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I pulled the sleeves of my sweater down around my hands and jammed them into the pockets of my jeans. Through the window it looked like spring, but stepping outside, I remembered that we’re well entrenched in winter here in Zhytomyr.
Dr. Olexandra Bashek glanced at me, concerned, and asked the interpreter a question in Ukrainian. “Will you be okay out here? Dr. Olexandra is worried you’ll be cold.” Nah, I’m tough. We stepped into the gazebo that sits on the back lawn of the MTU offices and I pulled out my list of questions. Dr. Bashek didn’t wait for me to ask anything, though; she just jumped right in to telling me her story.
“I grew up in the area far from Zhytomyr in the southern part of Ukraine, in the Odessa region. All that time throughout my childhood and into my adult years, I had this love for kids. I was always around kids. So I always thought I would either go into education or into pediatrics.
“My mom was sick very often and she always told me that I shouldn’t become a doctor because I would only see a lot of pain and tears and hurt. My mom prayed to God that I wouldn’t be accepted to the university to study medicine.”
Dr. Bashek shot me that knowing sort of smile, and it got me to thinking. I mentor a handful of girls and I myself give advice on what I think would be best for them. What a pressing responsibility it is to be listening to the Lord as much for what advice I give others as I would in listening for His leading in my own life. I wonder how much advice I’ve given that was out of fear rather than out of a desire for the people I love to thrive in God’s will…
Dr. Bashek continued, “When it came time for me to graduate from medical school, the dean of the department tried his best to convince me not to go to Zhytomyr, because it was the area of Ukraine that was considered to be the poorest. ‘I can give you all the recommendations to become a successful doctor here!’ the dean told me. ‘Don’t go to Zhytomyr!'”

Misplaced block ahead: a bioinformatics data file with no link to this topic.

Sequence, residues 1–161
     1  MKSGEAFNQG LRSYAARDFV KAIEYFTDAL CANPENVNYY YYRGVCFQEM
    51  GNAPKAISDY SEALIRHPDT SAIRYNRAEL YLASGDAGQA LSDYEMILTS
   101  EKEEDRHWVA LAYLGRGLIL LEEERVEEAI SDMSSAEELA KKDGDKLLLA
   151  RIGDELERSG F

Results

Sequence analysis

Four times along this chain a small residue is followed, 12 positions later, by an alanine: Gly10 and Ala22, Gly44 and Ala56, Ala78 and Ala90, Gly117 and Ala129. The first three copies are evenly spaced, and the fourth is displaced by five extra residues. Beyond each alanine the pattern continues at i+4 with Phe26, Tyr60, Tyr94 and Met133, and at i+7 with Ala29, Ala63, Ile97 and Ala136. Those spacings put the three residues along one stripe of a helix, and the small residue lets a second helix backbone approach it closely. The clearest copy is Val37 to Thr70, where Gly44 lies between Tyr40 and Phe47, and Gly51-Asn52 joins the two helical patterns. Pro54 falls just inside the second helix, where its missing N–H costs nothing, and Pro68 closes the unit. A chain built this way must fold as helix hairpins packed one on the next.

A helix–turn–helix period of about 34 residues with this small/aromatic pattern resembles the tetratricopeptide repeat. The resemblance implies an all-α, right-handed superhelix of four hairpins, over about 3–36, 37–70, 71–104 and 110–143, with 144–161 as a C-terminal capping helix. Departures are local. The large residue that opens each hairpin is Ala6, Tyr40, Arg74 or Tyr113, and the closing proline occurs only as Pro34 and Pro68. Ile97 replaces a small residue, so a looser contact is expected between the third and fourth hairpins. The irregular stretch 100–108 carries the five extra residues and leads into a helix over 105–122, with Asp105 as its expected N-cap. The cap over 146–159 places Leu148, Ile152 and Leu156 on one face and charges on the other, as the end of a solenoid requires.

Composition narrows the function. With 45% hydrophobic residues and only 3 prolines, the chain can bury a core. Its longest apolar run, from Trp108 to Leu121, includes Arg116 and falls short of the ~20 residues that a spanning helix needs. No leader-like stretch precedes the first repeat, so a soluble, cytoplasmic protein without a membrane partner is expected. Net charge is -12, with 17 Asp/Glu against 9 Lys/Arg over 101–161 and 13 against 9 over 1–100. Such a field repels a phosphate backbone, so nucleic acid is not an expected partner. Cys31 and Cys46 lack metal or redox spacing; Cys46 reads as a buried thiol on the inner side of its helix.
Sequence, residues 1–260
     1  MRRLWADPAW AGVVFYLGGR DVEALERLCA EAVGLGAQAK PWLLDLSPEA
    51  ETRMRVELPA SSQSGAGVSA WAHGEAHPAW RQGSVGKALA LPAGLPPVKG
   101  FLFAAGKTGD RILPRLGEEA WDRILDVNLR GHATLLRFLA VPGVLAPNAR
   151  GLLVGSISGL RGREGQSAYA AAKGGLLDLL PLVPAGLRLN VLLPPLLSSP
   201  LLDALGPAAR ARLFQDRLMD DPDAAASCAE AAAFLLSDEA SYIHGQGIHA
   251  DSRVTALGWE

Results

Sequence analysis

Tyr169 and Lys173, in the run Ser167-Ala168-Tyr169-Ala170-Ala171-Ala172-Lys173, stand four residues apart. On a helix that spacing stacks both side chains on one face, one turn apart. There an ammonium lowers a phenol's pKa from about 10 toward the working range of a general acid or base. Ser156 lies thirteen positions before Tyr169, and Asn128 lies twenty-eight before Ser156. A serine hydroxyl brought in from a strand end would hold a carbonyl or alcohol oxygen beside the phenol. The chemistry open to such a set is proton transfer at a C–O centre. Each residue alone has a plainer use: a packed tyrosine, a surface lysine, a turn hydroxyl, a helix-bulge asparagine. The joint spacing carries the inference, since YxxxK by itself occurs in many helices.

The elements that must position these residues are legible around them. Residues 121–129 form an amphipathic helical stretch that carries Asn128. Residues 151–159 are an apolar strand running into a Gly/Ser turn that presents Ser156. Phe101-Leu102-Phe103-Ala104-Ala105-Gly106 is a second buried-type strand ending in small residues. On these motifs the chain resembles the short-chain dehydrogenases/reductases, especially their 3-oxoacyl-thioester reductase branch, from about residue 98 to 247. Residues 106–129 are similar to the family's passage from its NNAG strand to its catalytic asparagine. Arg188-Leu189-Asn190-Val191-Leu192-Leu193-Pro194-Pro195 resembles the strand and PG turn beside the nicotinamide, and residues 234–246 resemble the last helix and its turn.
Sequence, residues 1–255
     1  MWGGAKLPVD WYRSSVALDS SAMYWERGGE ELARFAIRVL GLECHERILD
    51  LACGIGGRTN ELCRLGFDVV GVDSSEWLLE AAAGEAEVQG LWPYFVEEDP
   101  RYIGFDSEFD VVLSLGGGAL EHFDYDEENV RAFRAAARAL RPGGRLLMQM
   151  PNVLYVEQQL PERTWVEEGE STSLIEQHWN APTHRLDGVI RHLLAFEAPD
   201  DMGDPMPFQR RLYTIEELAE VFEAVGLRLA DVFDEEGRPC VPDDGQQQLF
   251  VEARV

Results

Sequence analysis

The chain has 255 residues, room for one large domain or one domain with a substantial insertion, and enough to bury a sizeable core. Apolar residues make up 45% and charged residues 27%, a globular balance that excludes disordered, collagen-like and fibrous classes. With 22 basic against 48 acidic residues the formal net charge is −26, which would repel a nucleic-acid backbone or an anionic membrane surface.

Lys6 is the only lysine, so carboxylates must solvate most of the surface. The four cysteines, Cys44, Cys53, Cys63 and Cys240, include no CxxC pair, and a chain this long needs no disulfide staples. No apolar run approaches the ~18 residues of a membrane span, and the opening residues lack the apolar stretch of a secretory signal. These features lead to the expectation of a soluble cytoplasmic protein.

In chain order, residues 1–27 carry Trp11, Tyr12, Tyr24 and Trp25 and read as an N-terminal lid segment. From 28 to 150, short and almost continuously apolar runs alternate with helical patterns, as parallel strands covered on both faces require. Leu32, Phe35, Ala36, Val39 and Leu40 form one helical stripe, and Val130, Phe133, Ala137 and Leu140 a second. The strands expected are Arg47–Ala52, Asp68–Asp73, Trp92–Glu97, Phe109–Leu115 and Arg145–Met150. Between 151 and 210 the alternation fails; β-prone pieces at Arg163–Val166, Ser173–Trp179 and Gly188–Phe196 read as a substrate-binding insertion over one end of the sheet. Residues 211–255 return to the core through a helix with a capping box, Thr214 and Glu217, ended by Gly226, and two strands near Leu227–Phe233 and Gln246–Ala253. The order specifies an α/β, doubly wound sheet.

But the Lord had different plans for a young Dr. Olexandra. Not only did she and her new husband move to Zhytomyr, they were sent to one of the most remote and rural areas of the region. That was the first time that Olexandra had ever seen such humble and meager living conditions. The mortality rate among the children living in the area was as high as some of the poorest countries in Africa.
During those early years, Dr. Olexandra and her husband (also a doctor) would split their time between the main hospital in the area and the local village clinics. Through these interactions and getting to know the members of the rural community in which they were serving, the Lord grew their hearts for disadvantaged children and families. They encountered hardship and suffering, but also victories and even a significant decline in child mortality within the region because of their work.
She was thriving as a member of the hospital staff and loving the position that she had, even though the conditions were difficult. “If anyone had told me that I would be leaving my job at the children’s hospital to come here to Mission to Ukraine,” Dr. Olexandra laughed, “I would never have believed it. The way it all happened was very simple but very interesting.”